As I walked up the street to attend a friend’s celebration of life service last week, I felt hopeful that it would provide a sense of relief. Relief for those close to Brian McDowell, who had spent a decade living with the fact that their husband/father/brother/cousin/friend was in steady, irreversible and heartbreaking decline, yet another victim of the scourge of Alzheimer’s.
For me, the relief did not come. As I sat and listened to reminisces about Brian’s life, and then watched a slide show that documented his time among family and friends, waves of sadness crashed through me. How can this happen, this disease that eats away at a mind until the inevitable day comes that the brain can no longer function well enough to keep the body going?
When news came that Webster’s Family Shopping Centre had been sold back in 1981 there was a sense of relief in the community. The Webster family had faced its own struggles and the landmark store’s sale would mean they could put what had become a burden behind them. Who were the buyers, we wondered. I had a special interest. I had recently taken over as the Advance’s advertising manager and Webster’s had been an important advertiser.
I met Brian and Ian soon after they arrived in Creston and quickly appreciated that they were a sharp-minded pair, with a combination of education, experience and determination that would serve them well. I did have some doubts about Ian, I’ll admit — he talked so often about how his girlfriend would soon be moving down from northern Alberta to join him that I began to think that maybe, just maybe, she was a figment of his imagination. Fortunately, Darlene turned out to be real. (Sorry, Ian. I couldn’t resist.)
In a short time, Brian and Ani, and Ian and Darlene were integral members of the community. Brian and Ani’s family grew to include three children and Ian and Darlene welcomed Stephanie to the world. McDowell’s became one of the hearts of the business community. It was part of my job to make regular rounds to the stores and businesses, to sell ad space and help organize sales events. While I had come to Creston only with thoughts of learning the ropes as a journalist, I loved the chance to get to know these folks who were employers and suppliers of goods and services. And each one was unique.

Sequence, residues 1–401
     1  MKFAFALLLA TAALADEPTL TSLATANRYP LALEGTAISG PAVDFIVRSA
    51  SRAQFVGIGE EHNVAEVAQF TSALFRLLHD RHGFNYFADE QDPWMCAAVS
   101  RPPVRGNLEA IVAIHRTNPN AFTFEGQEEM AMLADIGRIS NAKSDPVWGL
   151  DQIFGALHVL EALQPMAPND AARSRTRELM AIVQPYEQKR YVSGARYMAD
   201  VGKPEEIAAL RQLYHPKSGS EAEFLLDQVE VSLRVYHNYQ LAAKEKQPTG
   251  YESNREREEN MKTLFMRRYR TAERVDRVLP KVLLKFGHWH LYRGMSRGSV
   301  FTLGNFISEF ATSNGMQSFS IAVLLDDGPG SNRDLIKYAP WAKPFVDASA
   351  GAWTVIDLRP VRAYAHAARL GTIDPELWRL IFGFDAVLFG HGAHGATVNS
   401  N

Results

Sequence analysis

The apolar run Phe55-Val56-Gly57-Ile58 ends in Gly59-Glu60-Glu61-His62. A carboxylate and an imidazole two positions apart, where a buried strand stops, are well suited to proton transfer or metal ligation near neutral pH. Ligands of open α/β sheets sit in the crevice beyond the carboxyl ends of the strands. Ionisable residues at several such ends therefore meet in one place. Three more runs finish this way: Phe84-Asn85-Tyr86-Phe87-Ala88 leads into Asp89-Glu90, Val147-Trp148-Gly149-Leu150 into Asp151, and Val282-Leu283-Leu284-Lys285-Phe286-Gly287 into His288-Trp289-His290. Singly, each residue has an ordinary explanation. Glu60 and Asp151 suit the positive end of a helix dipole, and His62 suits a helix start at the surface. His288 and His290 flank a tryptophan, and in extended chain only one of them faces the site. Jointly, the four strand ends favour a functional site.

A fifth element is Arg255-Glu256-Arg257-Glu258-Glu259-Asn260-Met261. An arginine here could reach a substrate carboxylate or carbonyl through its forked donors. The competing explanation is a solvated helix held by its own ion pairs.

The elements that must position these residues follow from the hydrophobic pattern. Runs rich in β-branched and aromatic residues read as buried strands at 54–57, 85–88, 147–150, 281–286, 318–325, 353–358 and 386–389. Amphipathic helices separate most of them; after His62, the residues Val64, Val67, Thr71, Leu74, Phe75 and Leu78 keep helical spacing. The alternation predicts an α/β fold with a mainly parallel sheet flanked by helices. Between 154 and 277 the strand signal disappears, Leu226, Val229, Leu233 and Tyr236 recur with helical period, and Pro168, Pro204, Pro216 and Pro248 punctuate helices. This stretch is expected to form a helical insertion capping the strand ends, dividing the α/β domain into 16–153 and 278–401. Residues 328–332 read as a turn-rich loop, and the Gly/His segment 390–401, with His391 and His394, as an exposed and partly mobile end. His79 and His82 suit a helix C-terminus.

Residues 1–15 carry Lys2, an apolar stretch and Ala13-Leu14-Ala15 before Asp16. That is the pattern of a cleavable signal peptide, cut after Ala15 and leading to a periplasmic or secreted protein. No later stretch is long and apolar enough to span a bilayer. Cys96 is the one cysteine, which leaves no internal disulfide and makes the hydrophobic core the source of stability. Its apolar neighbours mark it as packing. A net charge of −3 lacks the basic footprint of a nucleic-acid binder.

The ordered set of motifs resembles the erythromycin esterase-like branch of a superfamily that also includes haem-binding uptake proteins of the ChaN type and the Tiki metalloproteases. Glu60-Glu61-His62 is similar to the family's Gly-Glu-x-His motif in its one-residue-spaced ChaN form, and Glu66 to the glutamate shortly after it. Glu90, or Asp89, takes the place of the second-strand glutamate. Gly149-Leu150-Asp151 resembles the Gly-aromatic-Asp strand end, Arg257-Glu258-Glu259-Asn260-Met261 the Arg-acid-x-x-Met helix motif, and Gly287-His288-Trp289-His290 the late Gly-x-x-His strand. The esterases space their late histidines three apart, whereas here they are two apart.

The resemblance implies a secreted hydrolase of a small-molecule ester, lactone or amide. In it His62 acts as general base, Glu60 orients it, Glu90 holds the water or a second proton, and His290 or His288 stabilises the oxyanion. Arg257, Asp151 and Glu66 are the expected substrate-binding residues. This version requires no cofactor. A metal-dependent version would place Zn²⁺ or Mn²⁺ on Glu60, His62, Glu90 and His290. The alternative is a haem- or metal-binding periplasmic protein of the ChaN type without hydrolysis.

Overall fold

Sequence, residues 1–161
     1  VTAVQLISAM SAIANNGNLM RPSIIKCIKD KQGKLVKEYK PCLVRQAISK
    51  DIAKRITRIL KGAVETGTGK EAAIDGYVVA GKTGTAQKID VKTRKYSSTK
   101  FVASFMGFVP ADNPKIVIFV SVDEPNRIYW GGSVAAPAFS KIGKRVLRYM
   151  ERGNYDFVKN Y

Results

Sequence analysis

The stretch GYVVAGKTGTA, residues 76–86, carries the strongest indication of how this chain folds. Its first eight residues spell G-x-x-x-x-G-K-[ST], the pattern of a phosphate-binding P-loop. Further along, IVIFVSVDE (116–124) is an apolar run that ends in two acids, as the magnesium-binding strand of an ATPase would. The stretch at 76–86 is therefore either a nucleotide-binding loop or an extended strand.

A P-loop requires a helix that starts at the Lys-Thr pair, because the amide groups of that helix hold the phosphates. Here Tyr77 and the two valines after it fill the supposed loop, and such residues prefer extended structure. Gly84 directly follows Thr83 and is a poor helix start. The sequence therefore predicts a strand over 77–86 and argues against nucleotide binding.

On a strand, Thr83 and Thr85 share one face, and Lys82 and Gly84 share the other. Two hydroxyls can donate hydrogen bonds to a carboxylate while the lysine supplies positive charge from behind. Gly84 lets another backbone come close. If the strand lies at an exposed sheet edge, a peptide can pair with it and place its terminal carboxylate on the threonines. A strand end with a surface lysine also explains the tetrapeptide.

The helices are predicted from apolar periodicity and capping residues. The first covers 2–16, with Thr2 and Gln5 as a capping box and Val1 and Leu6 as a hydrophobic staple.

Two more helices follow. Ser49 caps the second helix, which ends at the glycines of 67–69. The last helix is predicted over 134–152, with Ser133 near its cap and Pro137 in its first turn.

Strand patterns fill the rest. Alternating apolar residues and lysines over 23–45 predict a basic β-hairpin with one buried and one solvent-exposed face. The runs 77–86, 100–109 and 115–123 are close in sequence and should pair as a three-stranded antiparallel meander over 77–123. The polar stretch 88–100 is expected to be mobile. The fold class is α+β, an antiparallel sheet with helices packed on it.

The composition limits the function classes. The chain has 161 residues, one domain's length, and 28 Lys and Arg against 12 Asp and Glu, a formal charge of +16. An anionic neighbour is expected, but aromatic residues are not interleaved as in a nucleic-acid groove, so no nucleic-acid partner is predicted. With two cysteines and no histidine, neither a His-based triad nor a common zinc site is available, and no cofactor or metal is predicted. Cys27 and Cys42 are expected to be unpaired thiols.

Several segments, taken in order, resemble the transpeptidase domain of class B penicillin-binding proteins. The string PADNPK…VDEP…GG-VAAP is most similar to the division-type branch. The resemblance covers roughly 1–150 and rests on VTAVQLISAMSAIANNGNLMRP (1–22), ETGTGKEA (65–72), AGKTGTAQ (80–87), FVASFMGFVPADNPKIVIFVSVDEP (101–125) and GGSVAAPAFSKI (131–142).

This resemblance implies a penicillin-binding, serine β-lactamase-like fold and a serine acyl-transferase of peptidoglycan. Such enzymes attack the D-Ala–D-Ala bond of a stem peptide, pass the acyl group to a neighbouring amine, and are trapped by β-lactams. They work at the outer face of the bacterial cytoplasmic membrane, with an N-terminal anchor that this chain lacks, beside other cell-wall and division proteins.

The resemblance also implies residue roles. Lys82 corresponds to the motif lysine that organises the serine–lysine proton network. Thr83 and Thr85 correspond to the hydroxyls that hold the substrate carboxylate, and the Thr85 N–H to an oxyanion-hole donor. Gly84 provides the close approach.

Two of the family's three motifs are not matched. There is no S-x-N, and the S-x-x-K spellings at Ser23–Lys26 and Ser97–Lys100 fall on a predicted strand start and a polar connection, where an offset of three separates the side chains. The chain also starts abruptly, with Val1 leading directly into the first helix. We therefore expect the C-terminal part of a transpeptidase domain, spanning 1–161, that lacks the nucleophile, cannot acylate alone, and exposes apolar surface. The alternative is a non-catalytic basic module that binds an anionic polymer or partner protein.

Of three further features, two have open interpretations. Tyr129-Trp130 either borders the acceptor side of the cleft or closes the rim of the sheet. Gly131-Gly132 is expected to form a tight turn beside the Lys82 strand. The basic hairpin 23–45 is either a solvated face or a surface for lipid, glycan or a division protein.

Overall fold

Wayne Salmond held court in the back of what became Home Hardware, tracking hockey activities from minor hockey to the NHL. Jay Armitage was one of our best advertisers and he was completely reliable in producing neat and tidy ad copy for Creston Builders Supply. Leo Sleik was always a pleasure to talk to and the one-time camera department manager from Calgary’s Super S Drugs turned Kootenai Photo Supplies into one of the valley’s most successful businesses. Ed Reber brought his own brand of English charm to Sunset Seed Co. and Art Giorgini managed Tak’s Home Furnishers like it was his own business. Bruce Omelchuk, once an ad man with the old Calgary Albertan, drew his ad copy for his Mohawk service station so neatly and accurately that we could have printed it as presented.
When I visited McDowell’s, I tried to make sure I wasn’t rushed. Ian was the decision-maker when it came to advertising, but Brian was always consulted. Brian and I would get into conversations about economics or business or world and national affairs as we sat in the back office and Ian would eventually drift back to work on the store’s floor, knowing my visit wasn’t going to be short.
A chat with Brian was always illuminating. He was a voracious reader and endlessly curious about the world. Few people I have ever known could speak so intelligently about such a wide range of subjects. He had a wicked sense of humour and I enjoyed every minute of those visits. We had a reunion of sorts a dozen or so years ago when I returned to the Advance after 12 years away. “My ad guy,” Ian joked. “I’ve missed these chats,” Brian said as I left following a lengthy visit.
When Brian was diagnosed with Alzheimer’s it took all of us by surprise. Brian? This big, strong man with a mind like a steel trap? Surely this can’t be. It could be and it would be, though. Several years later, I stood chatting with Ian, who was out for a walk with his brother. “You remember Lorne?” Ian said. Brian nodded, but there was a look of confusion and panic in his eyes as he struggled to make sense of the simple question. I think a little piece of my heart broke away on that day.
As I sat among friends at the memorial service, I wanted to stand up and say how much Brian meant to me, about how much I admired and respected him. About what a great role model he was as a family man. I couldn’t, though. I was overwhelmed by the loss of a man whose brain began to betray him more than a decade before his death. I couldn’t help but hope that, after he had drawn his final breath, that his spirit might somehow be reunited with the mind that had moved on — I hope to a better place — long before his body ran out of steam.
I am grateful for having known Brian. And terrified that I or someone close to me will someday walk down the same path.
Lorne Eckersley is the publisher of the Creston Valley Advance.